Missed this awhile back

U.S. Military Working on Flesh Eating Robot

Is this really a good idea? I wish I could find the animated short YKWIA showed me where the inventor's project went awry and his invention ate everything, even him.

I don't have a tag called 'Things That Might Run Amuck' but maybe I should.

Our public library allows us to download some audio books

so I'm going to try one called The Brief History of the Dead by Kevin Brockmeier. Here's the blurb on it from the online catalogue:
All residents of the City have recently died, and they will remain in the City only as long as someone still living on Earth remembers them. On Earth, however, the population has been devastated by terrible pandemic. Laura Byrd, isolated at an Antarctic research station, is running low on supplies and has only her memories to comfort her. The people of the City realize Laura is the common thread binding them together. But Laura, who may be the only person to have survived the pandemic, is running out of time--and her memories are fading.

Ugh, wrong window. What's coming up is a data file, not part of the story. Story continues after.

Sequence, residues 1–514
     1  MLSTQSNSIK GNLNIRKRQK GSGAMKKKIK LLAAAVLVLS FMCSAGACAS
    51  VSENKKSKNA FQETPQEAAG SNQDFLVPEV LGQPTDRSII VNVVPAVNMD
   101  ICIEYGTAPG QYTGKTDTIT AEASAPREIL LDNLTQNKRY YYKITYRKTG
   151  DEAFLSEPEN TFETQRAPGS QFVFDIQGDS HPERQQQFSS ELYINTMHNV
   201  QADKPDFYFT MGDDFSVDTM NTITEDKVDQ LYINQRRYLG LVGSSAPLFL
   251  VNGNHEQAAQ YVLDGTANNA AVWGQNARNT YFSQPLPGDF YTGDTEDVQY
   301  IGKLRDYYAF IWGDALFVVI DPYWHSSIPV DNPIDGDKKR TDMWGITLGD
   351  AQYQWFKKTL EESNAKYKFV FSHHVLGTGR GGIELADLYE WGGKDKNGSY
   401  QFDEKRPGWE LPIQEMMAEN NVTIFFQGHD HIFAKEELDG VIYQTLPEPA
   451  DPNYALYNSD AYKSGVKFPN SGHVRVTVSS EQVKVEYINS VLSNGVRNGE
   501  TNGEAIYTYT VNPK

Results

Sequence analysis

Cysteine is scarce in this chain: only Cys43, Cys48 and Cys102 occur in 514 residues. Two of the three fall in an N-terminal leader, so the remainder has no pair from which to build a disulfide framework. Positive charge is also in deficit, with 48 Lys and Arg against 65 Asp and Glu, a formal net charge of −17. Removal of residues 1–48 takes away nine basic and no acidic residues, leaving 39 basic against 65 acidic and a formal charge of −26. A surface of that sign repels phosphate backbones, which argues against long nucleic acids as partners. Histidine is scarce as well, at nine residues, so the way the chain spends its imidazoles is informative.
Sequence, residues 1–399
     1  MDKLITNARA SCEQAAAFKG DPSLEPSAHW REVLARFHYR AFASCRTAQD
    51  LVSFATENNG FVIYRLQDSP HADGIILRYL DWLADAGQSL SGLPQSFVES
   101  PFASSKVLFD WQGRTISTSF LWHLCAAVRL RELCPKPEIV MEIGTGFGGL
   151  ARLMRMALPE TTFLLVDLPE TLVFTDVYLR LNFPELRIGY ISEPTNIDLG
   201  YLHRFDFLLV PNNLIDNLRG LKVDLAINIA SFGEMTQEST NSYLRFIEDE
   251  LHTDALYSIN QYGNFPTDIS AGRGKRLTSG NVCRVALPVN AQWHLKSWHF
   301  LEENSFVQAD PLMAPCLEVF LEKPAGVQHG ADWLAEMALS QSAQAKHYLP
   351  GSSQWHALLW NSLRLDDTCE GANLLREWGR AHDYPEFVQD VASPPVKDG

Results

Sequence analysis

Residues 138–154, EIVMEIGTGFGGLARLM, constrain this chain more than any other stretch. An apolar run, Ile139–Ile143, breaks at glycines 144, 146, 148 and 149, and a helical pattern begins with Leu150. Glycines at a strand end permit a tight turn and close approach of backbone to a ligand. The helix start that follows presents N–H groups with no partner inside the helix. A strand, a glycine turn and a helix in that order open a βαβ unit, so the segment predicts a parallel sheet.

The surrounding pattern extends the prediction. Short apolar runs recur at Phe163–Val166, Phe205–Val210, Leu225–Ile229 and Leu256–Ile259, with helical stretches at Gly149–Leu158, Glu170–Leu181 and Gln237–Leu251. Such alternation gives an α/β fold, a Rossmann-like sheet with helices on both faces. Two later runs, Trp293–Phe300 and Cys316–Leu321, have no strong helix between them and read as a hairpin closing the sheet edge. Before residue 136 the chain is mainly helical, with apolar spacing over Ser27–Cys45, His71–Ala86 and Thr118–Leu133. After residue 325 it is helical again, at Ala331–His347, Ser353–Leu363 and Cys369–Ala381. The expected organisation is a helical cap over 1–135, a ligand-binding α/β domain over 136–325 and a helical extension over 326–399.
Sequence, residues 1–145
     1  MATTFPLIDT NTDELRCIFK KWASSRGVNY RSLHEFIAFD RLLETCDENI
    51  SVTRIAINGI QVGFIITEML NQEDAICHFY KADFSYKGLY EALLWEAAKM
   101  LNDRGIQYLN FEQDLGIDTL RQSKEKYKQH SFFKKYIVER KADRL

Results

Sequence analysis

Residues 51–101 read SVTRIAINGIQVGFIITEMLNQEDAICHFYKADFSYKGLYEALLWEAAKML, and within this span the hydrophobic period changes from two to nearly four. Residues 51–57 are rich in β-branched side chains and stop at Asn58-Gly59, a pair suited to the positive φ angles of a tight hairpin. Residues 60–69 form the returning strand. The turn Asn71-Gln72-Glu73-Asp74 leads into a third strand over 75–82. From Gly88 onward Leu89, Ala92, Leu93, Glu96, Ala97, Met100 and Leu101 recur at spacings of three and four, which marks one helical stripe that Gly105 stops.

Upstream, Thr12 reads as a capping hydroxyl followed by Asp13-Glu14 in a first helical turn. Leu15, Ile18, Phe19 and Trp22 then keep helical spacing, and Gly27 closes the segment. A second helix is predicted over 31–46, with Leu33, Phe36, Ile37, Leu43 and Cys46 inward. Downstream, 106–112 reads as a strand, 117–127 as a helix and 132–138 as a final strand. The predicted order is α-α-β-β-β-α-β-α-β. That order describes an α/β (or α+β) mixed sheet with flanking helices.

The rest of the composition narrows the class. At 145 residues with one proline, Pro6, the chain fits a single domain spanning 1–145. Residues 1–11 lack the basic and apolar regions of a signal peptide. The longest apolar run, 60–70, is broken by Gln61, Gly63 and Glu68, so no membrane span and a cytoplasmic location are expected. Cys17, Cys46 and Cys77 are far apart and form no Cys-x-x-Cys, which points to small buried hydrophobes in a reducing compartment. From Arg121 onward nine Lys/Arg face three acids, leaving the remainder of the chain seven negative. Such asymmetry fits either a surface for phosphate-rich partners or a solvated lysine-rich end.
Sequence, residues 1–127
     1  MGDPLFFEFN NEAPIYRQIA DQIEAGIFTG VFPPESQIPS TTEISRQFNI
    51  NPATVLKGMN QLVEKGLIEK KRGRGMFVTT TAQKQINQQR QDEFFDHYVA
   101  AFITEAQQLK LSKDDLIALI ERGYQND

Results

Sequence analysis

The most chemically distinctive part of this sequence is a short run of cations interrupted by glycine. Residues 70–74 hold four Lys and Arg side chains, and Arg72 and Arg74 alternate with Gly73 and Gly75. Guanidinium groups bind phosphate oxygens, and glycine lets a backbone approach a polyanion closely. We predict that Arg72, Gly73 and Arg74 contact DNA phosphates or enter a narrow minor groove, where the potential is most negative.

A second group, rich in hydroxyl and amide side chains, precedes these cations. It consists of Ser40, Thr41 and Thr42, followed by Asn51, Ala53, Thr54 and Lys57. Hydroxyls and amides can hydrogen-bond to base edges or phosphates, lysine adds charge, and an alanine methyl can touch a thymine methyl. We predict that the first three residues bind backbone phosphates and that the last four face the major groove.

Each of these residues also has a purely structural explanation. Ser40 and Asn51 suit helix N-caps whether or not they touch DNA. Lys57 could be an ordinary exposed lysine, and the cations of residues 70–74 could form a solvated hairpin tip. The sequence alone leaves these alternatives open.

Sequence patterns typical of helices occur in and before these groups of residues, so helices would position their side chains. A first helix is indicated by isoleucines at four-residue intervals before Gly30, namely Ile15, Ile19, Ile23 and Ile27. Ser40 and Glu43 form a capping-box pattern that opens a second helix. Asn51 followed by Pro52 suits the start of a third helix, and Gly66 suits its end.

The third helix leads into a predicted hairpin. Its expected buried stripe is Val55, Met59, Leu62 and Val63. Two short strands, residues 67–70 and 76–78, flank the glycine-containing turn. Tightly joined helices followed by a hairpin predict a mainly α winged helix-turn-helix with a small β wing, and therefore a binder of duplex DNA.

The book is over 8 hours and the size of the .wav file is 120 MB, but I think I have that available on my phone. Much easier to carry around than a bunch of CDs, hmm?

Tuesday, September 01, 2009

A very sobering but thought-provoking article on medical ethics and disasters

Strained by Katrina, a Hospital Faced Deadly Choices

The smell of death was overpowering the moment a relief worker cracked open one of the hospital chapel’s wooden doors. Inside, more than a dozen bodies lay motionless on low cots and on the ground, shrouded in white sheets. Here, a wisp of gray hair peeked out. There, a knee was flung akimbo. A pallid hand reached across a blue gown.